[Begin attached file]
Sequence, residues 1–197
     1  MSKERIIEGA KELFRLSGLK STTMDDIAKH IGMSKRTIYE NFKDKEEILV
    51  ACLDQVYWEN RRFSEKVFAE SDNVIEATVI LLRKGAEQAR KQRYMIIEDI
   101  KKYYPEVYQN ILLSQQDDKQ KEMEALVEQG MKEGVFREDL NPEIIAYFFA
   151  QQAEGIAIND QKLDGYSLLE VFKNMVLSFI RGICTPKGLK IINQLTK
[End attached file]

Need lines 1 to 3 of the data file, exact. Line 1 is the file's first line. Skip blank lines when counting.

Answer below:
Sequence, residues 1–197
     1  MSKERIIEGA KELFRLSGLK STTMDDIAKH IGMSKRTIYE NFKDKEEILV
    51  ACLDQVYWEN RRFSEKVFAE SDNVIEATVI LLRKGAEQAR KQRYMIIEDI